Cognitive distortions are not overnight fixes. You cannot be cured in one therapy session, by reading one book, by subscribing to one newsletter, by buying one online course, by holding a crystal, by going vegan or keto or whatever new diet someone is shilling. When you have a mood disorder, as I do, things can be doubly hard. Some days, the imposter syndrome is so all consuming that I feel frozen, unable to do anything productive. I ruminate on my failures, on every man who has mansplained photography to me, on every potential client who chose another photographer over me. Some days, the self doubt turns into terror that I will be exposed as a fake, a fraud, a talentless hack getting by on luck and maybe some amount of charm.
However, imposter syndrome does not have to be debilitating. I would be remiss if I did not offer some of the homework I’ve been given by therapists over the years that helps me get through the worst feelings of failure and self-loathing.
Call Out Your Imposter Syndrome
Run through the following questions whenever imposter syndrome (or any other cognitive distortion) decides to pop by for a mental invasion:
1. What is the thought that is making me anxious?
Whether it’s perfectionism, depression, or stress, imposter syndrome is rooted in anxiety, so take time to name the thought that is a product of that anxiety.
Example: Everyone’s going to find out I’m a fraud.
2. What is the fear behind my anxiety?
Anxiety is fear that’s overwhelming your thought processes and causing a cognitive distortion, so acknowledge that there’s something you are afraid of behind your anxiety. This can also be answered by asking “Why?” the thought is making you anxious. Keep asking why until you arrive at the root fear of your anxiety.
Example: I have no control over my success. Life is a crapshoot, and any day now, all of the success will vanish and I will have nothing. I am anxious that all my successes will evaporate because it will mean I am a failure. I am afraid of failing.
3. Ask yourself: “Can I predict the future?”
Hint: the answer will always be no. You are not clairvoyant. #sorrynotsorry
4. Since you cannot predict the future, is this a realistic fear and/or probable outcome?
Now that you’ve named your fear, try and look at it rationally. Sure, any fear may be possible, but is it probable? Is your fear the most likely outcome, or is it a cognitive distortion? Name the cognitive distortion. It may be imposter syndrome. It may also be something else, like black and white thinking.
Example: It’s not realistic that I will suddenly stop succeeding, that all my leads will dry up, and I will fail. This isn’t the most likely scenario, this is imposter syndrome and catastrophic thinking. Everything is, most likely, not going to suddenly go wrong all at the same time and leave me with nothing.
4. Replace the negative thought with a positive one or more likely scenario.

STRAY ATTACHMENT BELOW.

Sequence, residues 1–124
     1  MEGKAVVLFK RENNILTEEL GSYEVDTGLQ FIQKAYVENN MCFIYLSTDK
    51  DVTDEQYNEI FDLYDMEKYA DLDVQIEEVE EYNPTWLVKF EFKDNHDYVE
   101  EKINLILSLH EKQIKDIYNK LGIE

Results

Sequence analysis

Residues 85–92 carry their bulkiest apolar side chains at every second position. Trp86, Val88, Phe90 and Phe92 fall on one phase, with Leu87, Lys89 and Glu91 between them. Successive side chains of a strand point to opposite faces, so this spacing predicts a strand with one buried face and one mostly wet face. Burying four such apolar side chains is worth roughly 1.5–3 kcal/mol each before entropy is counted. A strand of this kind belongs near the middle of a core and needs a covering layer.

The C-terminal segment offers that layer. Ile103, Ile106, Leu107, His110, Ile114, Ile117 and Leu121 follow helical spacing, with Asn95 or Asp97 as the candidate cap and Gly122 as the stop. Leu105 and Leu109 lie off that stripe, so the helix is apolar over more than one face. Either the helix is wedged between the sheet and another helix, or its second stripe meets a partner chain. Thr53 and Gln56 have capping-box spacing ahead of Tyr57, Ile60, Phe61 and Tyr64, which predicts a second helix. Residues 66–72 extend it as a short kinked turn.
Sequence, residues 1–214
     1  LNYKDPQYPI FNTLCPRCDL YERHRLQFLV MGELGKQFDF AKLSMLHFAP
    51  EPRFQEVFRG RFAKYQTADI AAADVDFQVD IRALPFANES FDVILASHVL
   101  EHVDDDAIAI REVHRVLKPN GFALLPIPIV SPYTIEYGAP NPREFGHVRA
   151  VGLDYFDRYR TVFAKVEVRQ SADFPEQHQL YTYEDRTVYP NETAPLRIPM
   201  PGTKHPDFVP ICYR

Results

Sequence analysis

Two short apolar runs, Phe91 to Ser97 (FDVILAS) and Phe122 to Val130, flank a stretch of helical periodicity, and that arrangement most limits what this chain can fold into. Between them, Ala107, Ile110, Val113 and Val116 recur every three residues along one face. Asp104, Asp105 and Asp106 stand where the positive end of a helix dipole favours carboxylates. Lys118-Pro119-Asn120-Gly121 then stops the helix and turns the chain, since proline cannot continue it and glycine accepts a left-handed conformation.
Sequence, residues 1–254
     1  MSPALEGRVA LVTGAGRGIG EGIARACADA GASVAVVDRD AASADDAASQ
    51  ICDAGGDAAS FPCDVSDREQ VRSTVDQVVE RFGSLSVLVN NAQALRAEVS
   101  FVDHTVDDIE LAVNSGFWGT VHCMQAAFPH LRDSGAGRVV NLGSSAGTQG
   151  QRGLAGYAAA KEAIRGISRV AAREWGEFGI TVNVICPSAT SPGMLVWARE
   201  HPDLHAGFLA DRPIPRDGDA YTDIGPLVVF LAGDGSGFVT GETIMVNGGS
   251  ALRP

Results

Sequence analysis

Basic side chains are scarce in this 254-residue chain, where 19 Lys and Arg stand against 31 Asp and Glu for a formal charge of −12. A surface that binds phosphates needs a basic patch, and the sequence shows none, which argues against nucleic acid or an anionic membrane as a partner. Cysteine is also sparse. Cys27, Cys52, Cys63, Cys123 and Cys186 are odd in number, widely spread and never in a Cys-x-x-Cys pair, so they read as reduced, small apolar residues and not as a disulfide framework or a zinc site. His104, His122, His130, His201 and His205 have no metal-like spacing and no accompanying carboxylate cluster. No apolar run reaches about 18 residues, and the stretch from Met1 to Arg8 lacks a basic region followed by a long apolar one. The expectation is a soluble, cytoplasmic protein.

Example: Success is like a snowball, it tends to increase with momentum, not decrease. If, in the worst-case scenario, I notice I have fewer bookings or lower avegrae sales, I have systems in place that will give me an early warning sign. I will course correct as necessary. I can pivot.
When you feel like a fraud, list your successes
Make a list of every time you have succeeded. Remind yourself any and all obstacles you’ve over come. Remember the hard work you put into each and every successful effort. Acknowledge that you did not get where you are because of dumb luck or fate, but because you put in the time, the money, and the sweat equity to get it done.
Feeling paralyzed by imposter syndrome? Start a journal.
For me, imposter syndrome can become so overwhelming that I feel absolutely paralyzed by fear, so I do nothing, and then my fear of failure becomes a self-fulfilling prophecy. To overcome this, I now keep a mental health journal. Every time I feel paralyzed by terror of failing, I write down:
- What is the situation that is happening right now? What occurred to trigger the fear / cognitive distortion?
- Why is this making me feel uncomfortable?
- What is the worst possible outcome?
- What is the best possible outcome?
- Which outcome is more probable?
I commit to a reward for completing whatever task is making me uncomfortable – whether it’s speaking publicly or giving an interview to a reporter. I remind myself that doing nothing is the only guaranteed failure. Even if I try and look like an idiot, I can learn from the experience so that I can avoid it in the future. Once I’ve done the terrifying thing, I come back to my journal:
- Describe doing the uncomfortable thing. Describe how it felt do it in the moment.
- What was the result of doing the uncomfortable thing?
- How do I feel now that I’ve done the uncomfortable thing and have seen the result of my effort.
After a while, look back through your journal. How often was your anxiety actually right? How often were you humiliated, exposed as a fraud or failure, or overwhelmed and unable to succeed in the task at hand? I guarantee you will find that your successes outweigh your brain’s doomsday predictions.